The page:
Despite policy attempts at cultural erasure, many tribes tenaciously maintained their food cultures. Now, a new generation is embracing this heritage and bringing back Native American food systems in full force. Their harvesting methods not only increase access to cultural foods but also conserves precious water resources needed to combat climate change. Indigenous land management practices, including controlled burns, have been recognized for their impact on mitigating climate change. Their ancient traditions help us better understand agriculture, the intricacies of our ecosystem, and the study of weather patterns to build resilience in the midst of natural disasters.
Indigenous-managed lands maintain the highest levels of biodiversity and ecosystem health globally. When indigenous communities have tenure rights and lead stewardship of ancestral lands, they are remarkably effective at preserving habitats and species—even outpacing protected areas. Indigenous traditional knowledge and practices play a critical role in mitigating climate change and sustaining ecosystems. This further demonstrates the need to recognize indigenous rights and integrate indigenous leadership into conservation policymaking. Empowering indigenous guardianship and foodways will be vital for developing just and sustainable food systems in the face of the climate crisis.
Food First celebrates the resurgence of Native American agriculture as true food justice. We proudly uplift indigenous initiatives that are cultivating cultural renewal and tribal sovereignty. This National Native American Heritage Month, we reflect on the strength and resilience of indigenous communities nourishing the land as their ancestors did for millennia. The seeds they plant today help to grow a more just and sustainable world.
- How Hunger Affects Native American Communities
- U.S. Climate Resilience Toolkit – Tribal Nations
- Native American Agriculture is on the Rise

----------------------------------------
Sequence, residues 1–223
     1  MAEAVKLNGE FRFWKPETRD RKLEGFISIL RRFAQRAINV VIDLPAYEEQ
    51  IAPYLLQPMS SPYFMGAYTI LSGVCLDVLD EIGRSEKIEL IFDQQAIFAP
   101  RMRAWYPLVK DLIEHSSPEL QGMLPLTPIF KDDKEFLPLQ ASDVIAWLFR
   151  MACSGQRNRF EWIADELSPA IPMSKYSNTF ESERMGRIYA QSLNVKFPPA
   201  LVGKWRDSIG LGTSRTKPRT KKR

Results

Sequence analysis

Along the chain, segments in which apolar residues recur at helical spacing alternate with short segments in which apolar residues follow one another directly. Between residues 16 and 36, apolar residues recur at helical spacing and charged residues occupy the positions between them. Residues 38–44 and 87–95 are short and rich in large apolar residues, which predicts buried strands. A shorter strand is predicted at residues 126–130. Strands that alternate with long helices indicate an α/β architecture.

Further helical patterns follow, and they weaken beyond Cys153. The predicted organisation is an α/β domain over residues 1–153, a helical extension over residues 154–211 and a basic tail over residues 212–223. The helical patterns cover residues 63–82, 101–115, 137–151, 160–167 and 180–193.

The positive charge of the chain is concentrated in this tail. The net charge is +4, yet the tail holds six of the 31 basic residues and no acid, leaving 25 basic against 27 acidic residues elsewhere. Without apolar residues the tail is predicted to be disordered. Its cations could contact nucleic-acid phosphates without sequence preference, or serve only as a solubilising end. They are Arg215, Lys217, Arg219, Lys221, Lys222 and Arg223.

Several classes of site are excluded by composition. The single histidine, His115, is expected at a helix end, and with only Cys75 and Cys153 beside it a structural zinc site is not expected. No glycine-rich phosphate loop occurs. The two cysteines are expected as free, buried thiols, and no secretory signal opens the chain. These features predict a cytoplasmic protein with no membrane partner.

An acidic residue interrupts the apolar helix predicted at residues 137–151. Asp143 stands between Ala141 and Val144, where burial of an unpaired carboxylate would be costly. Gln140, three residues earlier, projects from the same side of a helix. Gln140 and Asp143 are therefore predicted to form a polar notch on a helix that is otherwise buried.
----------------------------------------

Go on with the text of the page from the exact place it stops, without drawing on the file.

- US Indigenous Communities are Using Their Land to Overcome Racial Neglect
- Reframing Food Security by and for Native American Communities
- The Best Way to Restore Ecosystems is to Listen to Indigenous Peoples
Support Our Work
November is an exciting month of celebration. Not only do we honor Native Americans and their rich heritage, but this month also includes Giving Tuesday on November 28th. Giving Tuesday is more than a day on the calendar, it’s a global generosity movement that has inspired millions worldwide to donate to make a meaningful impact.
As we gather with loved ones to reflect on what we are grateful for, it’s crucial to recognize the immense challenges still facing many communities. More than 37 million Americans live below the poverty line and face the harsh reality of food insecurity, with disproportionately high rates among communities of color, which includes Native Americans. At Food First, we firmly believe in the power of people-driven solutions to address systemic injustices like those impacting Native Americans. This Giving Tuesday, we hope you will stand with us and the millions of Americans living day-to-day with food insecurity and in poverty.
This holiday season, consider giving the gift of social change. Your generous support fuels our mission to establish equity, meet basic needs, and transform communities from the ground up. Together, we can build a society characterized by justice, inclusivity, and care for all.
This year, our Board of Directors has committed to matching the first $1,000 raised for our Giving Tuesday Campaign. So every dollar you give today through November 28th will aid in our effort to meet or hopefully exceed our first $1,000 Board sponsored challenge match!
Join us this Giving Tuesday and be a part of the positive change we all wish to see. Together, we can turn the tide on poverty and hunger!
Plant a seed of hope today! – www.foodfirst.org/support
Share this newsletter with your friends and community to spread the word by using the #foodsovereignty hashtag and tag us @foodfirst on social!